The influence of Judaism and Jewish culture on the Western world goes back as far as the 4th century, when Christianity became the official religion of the Roman Empire. For this reason, though the Jews were frequently depicted in Medieval fiction in an unfavourable light, they were sometimes seen by Europeans as the bearers of wisdom and mystical knowledge. This view was prominent in Italy during The Renaissance, when numerous philosophers and mystics, including Pico della Mirandola and Johann Reuchlin, had an interest in Kabbalah.
In the subsequent centuries, the trope declined in prevalence due to increasing anti-Semitic tendencies within Europe, but rose to prominence again in the nineteenth century in the light of romanticized Orientalism. It reached another peak in popularity after the Second World War, when derogatory portrayals of Jews were no longer considered acceptable, and the Jewish characters were usually depicted sympathetically.
Compare Magical Negro, Magical Romani, Magical Asian, and Magical Native American; contrast Greedy Jew, another century-old Jewish stereotype in Western culture. Subtrope of Magical Minority Person. To qualify for this trope a character needs to serve as a mentor figure to another non-Jewish (or less traditional) character.
- The Rosenthal family from A Certain Scientific Accelerator are a centuries-old dynasty of Jewish mages specializing in necromancy, who for generations have sought to recreate the perfect, primordial human of kabbalistic lore (the Adam Kadmon) using a combination of Western and Eastern magical arts. Esther Rosenthal, the current head of the family, serves as a deutragonist for the series.
- The true identity of Caster of Black from Fate/Apocrypha is Avicebron, better known as Solomon Ibn Gabirol, a famous medieval Jewish poet who is said to have dabbled in Kabbalah and created a Golem. Very much a case of Historical Villain Upgrade, as the historical poet and philosopher who has composed some of the most beautiful, heartbreaking, inspiring Jewish poetry of his age is turned into a maniacal, misanthropic sorcerer so obsessed with creating a perfect golem he betrays and sacrifices his own Master.
- Independence Day: David's father is a rabbi whose primary purpose in the story is to provide a source of wisdom (and Comic Relief) for the characters and audience. In fact, it's his statement (advising his son not to catch a cold) which is the catalyst that sparks David to create the computer virus that wins the war for humanity.
- Judah Loew ben Bezalel aka the Maharal of Prague, an important Jewish mystic and philosopher of the 16th century who, according to a legend, created the Golem of Prague.
- The Decameron, written during the Renaissance, has two characters of this sort. First, there is the wise Jew Abraham who travels to the Vatican and criticizes the corruption there, essentially becoming the author's mouthpiece. Second, there is the Jewish money lender Melchisedech, who is asked by a Sultan which of the three Abrahamic religions (Judaism, Christianity, or Islam) is true, and answers with a parable about the three rings, one of which is precious and the other two are fake, but nobody knows which is which.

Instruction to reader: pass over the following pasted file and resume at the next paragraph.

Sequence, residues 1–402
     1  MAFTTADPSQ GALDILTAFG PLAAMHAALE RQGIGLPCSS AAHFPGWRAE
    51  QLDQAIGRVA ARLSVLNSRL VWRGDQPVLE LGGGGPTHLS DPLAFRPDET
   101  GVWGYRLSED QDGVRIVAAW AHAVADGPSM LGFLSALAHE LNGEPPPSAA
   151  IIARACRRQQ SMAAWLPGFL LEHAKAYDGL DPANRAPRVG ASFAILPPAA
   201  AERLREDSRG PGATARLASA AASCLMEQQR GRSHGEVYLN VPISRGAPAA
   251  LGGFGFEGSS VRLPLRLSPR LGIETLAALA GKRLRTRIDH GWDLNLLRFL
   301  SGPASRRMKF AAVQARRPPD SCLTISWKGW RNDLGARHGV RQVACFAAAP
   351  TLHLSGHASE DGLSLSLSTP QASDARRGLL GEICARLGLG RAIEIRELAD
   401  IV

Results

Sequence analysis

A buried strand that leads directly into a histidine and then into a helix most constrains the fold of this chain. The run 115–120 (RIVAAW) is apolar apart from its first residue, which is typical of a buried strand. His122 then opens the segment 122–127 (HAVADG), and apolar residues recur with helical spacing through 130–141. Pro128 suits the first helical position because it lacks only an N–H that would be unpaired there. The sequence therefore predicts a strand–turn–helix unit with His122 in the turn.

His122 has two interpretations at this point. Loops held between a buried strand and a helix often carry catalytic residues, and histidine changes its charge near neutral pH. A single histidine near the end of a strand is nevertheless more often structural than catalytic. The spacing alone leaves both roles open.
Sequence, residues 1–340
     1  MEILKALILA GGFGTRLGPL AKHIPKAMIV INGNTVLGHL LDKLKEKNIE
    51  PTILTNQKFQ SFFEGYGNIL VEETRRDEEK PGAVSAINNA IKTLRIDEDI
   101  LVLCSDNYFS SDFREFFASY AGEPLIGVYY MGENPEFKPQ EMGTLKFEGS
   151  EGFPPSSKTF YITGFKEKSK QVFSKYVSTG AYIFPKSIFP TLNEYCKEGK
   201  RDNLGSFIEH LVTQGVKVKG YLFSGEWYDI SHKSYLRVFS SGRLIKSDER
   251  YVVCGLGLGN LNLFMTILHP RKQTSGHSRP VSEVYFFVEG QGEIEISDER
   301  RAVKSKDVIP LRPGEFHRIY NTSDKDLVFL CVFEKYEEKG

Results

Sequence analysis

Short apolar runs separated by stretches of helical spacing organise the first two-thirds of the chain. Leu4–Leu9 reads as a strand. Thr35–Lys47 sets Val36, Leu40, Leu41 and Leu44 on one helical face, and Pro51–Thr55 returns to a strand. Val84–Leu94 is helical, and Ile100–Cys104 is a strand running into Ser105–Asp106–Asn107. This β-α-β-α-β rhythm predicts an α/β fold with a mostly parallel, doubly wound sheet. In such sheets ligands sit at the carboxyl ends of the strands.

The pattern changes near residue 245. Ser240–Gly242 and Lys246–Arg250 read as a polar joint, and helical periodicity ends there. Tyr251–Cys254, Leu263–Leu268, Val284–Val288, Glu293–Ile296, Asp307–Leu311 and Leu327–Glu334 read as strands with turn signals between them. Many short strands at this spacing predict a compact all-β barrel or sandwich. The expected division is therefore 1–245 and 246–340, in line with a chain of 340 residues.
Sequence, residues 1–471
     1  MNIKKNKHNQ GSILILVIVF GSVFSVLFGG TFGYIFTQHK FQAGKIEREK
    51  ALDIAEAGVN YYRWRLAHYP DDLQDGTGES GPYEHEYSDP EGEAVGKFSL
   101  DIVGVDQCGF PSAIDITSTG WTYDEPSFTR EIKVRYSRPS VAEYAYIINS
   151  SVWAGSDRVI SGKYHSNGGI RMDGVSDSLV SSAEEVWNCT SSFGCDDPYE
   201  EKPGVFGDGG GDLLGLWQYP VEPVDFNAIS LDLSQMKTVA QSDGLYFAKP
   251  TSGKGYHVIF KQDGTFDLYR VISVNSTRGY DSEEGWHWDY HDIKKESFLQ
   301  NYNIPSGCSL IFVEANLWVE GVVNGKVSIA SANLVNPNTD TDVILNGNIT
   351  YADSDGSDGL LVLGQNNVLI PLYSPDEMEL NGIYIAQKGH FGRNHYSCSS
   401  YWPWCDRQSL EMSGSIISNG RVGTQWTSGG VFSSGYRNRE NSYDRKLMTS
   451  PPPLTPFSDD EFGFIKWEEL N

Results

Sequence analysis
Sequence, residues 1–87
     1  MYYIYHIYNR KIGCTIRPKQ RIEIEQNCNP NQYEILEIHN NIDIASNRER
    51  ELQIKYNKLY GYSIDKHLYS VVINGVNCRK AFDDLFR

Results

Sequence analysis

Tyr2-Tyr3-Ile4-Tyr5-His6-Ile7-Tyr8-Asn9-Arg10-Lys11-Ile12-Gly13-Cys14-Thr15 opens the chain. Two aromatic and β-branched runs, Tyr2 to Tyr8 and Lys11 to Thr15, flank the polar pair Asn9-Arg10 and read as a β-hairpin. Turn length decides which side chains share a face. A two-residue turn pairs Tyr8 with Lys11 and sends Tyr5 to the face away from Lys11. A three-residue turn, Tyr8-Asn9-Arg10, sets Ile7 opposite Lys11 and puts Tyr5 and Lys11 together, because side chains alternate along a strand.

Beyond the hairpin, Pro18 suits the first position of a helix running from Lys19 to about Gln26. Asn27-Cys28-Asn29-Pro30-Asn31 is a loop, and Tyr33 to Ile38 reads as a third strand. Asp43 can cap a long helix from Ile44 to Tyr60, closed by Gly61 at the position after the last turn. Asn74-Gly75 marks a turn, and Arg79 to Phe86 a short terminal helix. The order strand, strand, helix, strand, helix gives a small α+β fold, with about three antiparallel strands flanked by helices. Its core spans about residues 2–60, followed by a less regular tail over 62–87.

- The Wandering Jew pops up in one chapter of The Monk to rescue Raymond and Agnes from the ghost of the Bleeding Nun, then disappears after delivering some cryptic warnings to them.
- Benjamin from A Canticle for Leibowitz, a quirky but wise Jewish Hermit Guru who may or may not be the Wandering Jew.
- Gustav Meyrink played with the trope in several of his works:
- Schemajah Hillel from The Golem, who becomes the protagonist's mentor in walking the path of mysticism, and his wise and beautiful daughter Miriam. Interestingly, a Greedy Jew (the junk dealer Aaron Wassertrum) is also present in the novel.
- Chidher Green from The Green Face, the mysterious old man who also becomes the protagonist's spiritual guide, and who eventually turns out to be the Wandering Jew.
- Emmanuel from Pelagia and the Red Rooster, an Ambiguously Jewish Eccentric Mentor with supernatural powers who makes people realise their flaws and change for the better.
- The Elenium has a Fantasy Counterpart Culture called the Styrics, who are a race of magicians who basically mentored the Elenes in the ways of magic and mysticism. In particular, the protagonist Sparhawk was taught by the Styric priestess Sephrenia.
- Fargo Season Three has Paul Marrane, a mysterious, Ambiguously Jewish traveling businessman who gives sage advice to other characters and frequently references Judaism and the Hebrew Bible. He is strongly implied to be the Wandering Jew.
- Al "Pops" Solomon on The Goldbergs is the most unambiguously Jewish character; he is the least insane family member and quite often gives good wise advice to daughter Beverley, son-in-law Murray, and to his three grandchildren Erica, Barry and Adam
- Nathan the Wise by Gotthold Ephraim Lessing is about the wise Jewish merchant Nathan who helps a Christian Templar and a Muslim Sultan bridge the gap between their religions.
- In Castlevania, the Speakers are a Fantasy Counterpart Culture, being a nomadic religious minority who're persecuted and scapegoated by a Christian majority. Their other main feature is keeping enormous amounts of lore via oral histories. The most prominent Speaker characters are The Elder, who more or less sets Trevor Belmont on the way to fighting Dracula, and Sypha, a Black Magician Girl with an extensive knowledge of magic.
- In The Simpsons, the father of Krusty the Clown, a rabbi, offers homespun wisdom to Bart and Lisa.